He soon became an NCO., but refused to attend an officers’ training course because the effort involved was against his principles of professional laziness. He was transferred to the Colonial Army, and after re-enlisting several times he reached an age at which he was allowed to retire, on a pension which was modest but secure. Except for a few skirmishes, minor battles and military landings, which rather amused him, Eugene spent the greater part of his time in the army improving a network of roads in the jungle. Lying in a hammock, not in the least disturbed by the pickaxes or the shouts of those working under his orders, he languidly encouraged the cohorts of coloured troopers to sweat away for the glory of Western civilization. His subordinates worshipped him because he never raised his voice when giving orders.

He never married, as that would naturally have involved a certain amount of expense and to defray it would have meant working. Still, he almost yielded to the temptation once. The object of his passion was a widow. She belonged to a tribe in Central Africa, and was not only coal-black but as beautiful as a piece of ebony. Unfortunately her tribal religion forbade her to remarry until five years after her husband’s death. Eugene was sent out on military duty to Indo-China and he gradually forgot his Congolese Venus.

He was very courageous; and paradoxically enough his laziness added to his courage. Once in Indo-China he settled in the wilds, in a hut in which a king cobra had installed itself. Eugene stayed in the lower part of the hut, while the cobra made its home above, just under the palm-leaf roof. ‘As a room-mate he was no trouble at all. On the contrary, with him around there wasn’t a rat to be seen. I could hear them scuttle when he would come back in the evening. He moved into the beams over my bed. We looked each other in the eye for a minute, and I blew out the lamp. In the morning, when he went out again, the noise of his movements served as an alarm-clock.’

In addition to Russian and French, Eugene spoke Mandarin Chinese fluently, as well as Cantonese, Annamite, and several Indo-Chinese dialects. When he left the army, one of his friends made him the sales representative for the whole of Siberia of a well-known brand of champagne. He loved travelling about in a sleigh. ‘If you are well wrapped up in furs you don’t get cold and you can sleep.’ But he had to sell his product to his customers – and ‘that is work,’ so he gave up his lucrative job.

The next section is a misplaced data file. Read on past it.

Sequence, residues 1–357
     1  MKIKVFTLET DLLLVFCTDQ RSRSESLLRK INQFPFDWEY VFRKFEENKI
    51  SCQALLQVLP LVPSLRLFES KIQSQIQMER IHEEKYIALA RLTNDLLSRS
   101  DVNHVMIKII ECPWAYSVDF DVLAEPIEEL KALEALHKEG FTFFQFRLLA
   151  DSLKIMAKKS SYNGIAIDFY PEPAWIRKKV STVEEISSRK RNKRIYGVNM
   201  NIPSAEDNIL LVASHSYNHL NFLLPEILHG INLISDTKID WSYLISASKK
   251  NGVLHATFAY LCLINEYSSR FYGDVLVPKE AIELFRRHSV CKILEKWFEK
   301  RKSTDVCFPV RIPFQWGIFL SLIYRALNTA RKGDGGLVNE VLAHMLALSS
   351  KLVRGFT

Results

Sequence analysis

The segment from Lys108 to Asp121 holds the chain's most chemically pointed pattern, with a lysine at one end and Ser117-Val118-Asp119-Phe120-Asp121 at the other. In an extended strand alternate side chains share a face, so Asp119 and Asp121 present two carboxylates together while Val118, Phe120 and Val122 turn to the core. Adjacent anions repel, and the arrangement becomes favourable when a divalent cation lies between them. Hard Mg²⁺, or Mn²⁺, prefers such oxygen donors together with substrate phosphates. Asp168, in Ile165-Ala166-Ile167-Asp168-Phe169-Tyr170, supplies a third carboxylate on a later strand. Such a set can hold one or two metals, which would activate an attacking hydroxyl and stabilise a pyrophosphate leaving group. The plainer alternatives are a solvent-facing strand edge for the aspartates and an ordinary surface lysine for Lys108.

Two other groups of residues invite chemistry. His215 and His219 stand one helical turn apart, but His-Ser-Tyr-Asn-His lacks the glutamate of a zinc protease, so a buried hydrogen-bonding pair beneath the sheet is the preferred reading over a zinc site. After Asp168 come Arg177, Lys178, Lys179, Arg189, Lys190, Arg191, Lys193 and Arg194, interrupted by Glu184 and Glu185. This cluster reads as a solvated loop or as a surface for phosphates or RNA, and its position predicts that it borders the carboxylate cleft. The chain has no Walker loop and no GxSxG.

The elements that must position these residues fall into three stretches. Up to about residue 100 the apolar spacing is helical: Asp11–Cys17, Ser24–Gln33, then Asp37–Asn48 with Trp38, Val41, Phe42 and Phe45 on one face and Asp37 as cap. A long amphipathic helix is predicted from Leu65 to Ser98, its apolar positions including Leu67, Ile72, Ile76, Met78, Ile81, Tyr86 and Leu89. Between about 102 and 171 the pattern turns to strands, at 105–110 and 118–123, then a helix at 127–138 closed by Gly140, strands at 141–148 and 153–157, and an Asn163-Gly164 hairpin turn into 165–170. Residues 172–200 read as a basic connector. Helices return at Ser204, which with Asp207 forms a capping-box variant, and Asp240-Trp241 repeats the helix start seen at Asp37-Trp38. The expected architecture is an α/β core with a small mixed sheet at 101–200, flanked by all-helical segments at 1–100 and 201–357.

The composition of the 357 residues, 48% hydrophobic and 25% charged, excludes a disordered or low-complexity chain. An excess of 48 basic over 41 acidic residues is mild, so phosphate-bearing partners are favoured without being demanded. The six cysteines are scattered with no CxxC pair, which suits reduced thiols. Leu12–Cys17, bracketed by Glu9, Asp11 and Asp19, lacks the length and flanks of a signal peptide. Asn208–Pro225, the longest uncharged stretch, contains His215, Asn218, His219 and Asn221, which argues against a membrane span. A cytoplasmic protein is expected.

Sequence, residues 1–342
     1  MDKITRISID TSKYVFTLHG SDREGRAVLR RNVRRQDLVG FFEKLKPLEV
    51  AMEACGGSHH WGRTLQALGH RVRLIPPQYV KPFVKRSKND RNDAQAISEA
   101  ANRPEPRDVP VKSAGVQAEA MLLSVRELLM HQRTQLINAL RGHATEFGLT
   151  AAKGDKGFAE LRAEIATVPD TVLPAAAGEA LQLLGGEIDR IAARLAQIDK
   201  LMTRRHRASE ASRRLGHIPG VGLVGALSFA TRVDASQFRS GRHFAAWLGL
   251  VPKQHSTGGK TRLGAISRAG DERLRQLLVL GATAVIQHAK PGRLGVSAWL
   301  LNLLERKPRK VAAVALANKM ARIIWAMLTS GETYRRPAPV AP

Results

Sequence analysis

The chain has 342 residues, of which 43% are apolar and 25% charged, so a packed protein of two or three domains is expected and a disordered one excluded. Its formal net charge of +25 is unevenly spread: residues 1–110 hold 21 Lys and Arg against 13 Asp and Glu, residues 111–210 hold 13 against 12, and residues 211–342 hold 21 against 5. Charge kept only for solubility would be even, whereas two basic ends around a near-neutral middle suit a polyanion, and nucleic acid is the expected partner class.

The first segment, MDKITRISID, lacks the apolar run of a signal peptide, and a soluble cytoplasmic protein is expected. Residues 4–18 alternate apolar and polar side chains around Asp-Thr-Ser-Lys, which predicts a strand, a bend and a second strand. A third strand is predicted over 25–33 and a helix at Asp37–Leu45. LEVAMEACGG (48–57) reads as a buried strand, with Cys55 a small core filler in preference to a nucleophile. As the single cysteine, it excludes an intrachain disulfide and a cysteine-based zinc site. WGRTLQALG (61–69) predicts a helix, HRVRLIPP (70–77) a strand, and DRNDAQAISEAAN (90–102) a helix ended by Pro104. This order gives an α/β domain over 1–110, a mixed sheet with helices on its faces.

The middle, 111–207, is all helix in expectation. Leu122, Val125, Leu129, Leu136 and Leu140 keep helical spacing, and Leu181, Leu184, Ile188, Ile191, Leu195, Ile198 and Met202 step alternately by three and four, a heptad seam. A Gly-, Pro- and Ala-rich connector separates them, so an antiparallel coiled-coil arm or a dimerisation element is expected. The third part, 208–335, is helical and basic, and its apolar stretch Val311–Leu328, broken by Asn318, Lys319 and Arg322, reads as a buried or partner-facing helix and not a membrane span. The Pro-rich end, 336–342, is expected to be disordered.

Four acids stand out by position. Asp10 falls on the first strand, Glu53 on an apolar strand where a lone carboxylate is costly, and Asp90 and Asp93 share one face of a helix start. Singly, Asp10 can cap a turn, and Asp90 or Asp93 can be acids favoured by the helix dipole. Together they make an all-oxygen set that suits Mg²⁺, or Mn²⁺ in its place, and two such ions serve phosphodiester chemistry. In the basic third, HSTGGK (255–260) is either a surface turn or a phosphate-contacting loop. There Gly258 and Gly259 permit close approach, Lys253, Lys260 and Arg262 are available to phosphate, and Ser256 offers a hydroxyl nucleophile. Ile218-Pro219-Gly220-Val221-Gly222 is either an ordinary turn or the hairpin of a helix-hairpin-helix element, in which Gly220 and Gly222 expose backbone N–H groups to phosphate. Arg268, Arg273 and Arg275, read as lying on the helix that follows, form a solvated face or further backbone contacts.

In 1914, when he was well over fifty, he re-enlisted in the Colonial Army, and fought under General Mangin’s command. He took part in several bayonet-charges, and was wounded at Verdun. I still have his Military Medal, the most distinguished of the French decorations – or at any rate the only one that still amounts to something.’

Of the six hundred and forty five figure paintings reproduced in Daulte’s 1971 ‘Catalogue Raisonné ‘Les Figures’ [1860-1890], just fifty are single adult male portraits. This rare portrait is a touching mark of Renoir’s deep affection and respect for his sitter.

Hands painted as though almost of cascading water. And the clear lyrical delineation of the figure moving the eye from foreground, around body and head, and through the right arm into distance. Both accelerate the movement essential in conveying the character and mood portrayed.

The mirrored reflection of outside light, and curtain veil wafting dreamily across the doorframe. The jacket’s gently swirling pearly greys set against the soft blue wall, vivid red of his tie, and white of the collar. The pulsating, rhythmic movement of brush stroke colour and line. All accentuate the stillness of Eugene’s steadfast character; and composed, monumental presence. His serene, fearless gaze fixes us. Also with humour, barely discernible about the mouth and in the subtle softness of the eyes, at the manifold absurdities of the world.

Eugene’s hands - their strength and gentleness wonderfully depicted - are a sublime symbol of his nature. For Renoir, hands were the profoundest manifestation of character, as Jean Renoir recounts in his biography [P. 17].

‘When I [Renoir] think that I might have been born into a family of intellectuals! It would have taken me years to get rid of all their ideas and see things as they are. And I might have been awkward with my hands.’



He talked constantly of ‘hands’. He always judged people he saw for the first time by their hands. ‘Did you see that fellow, and the way he tore open his packet of cigarettes? He’s a scoundrel. And that woman: did you notice the way she brushed back her hair with her forefinger?…a good girl.’ He would also say sometimes: ‘stupid hands’; ‘witty hands’; ‘ordinary hands’; ‘whore’s hands’….

One usually looks people in the eyes to see if they are sincere. Renoir always looked at their hands.

We shall see, gradually, how hard he found it to accept standard values. The idea that intellect is superior to the senses was not an article of faith with him. If he had been asked to name the different parts of the human body according to their value, he would certainly have begun with the hands. In an old desk drawer at home I have a pair of gloves which belonged to him: pale-grey gloves made of very fine leather, whose size sets one musing. ‘he had unbelievably small hands for a man,’ Gabrielle said. If any ancestor were responsible for Renoir’s hands, then instead of thinking of his shoemaker grandfather’s thick fist, I should be inclined to conjure up the tiny fingers of some great lady more accustomed to playing the harpsichord than to doing the washing.’


Femme au Chapeau de Fleurs  oil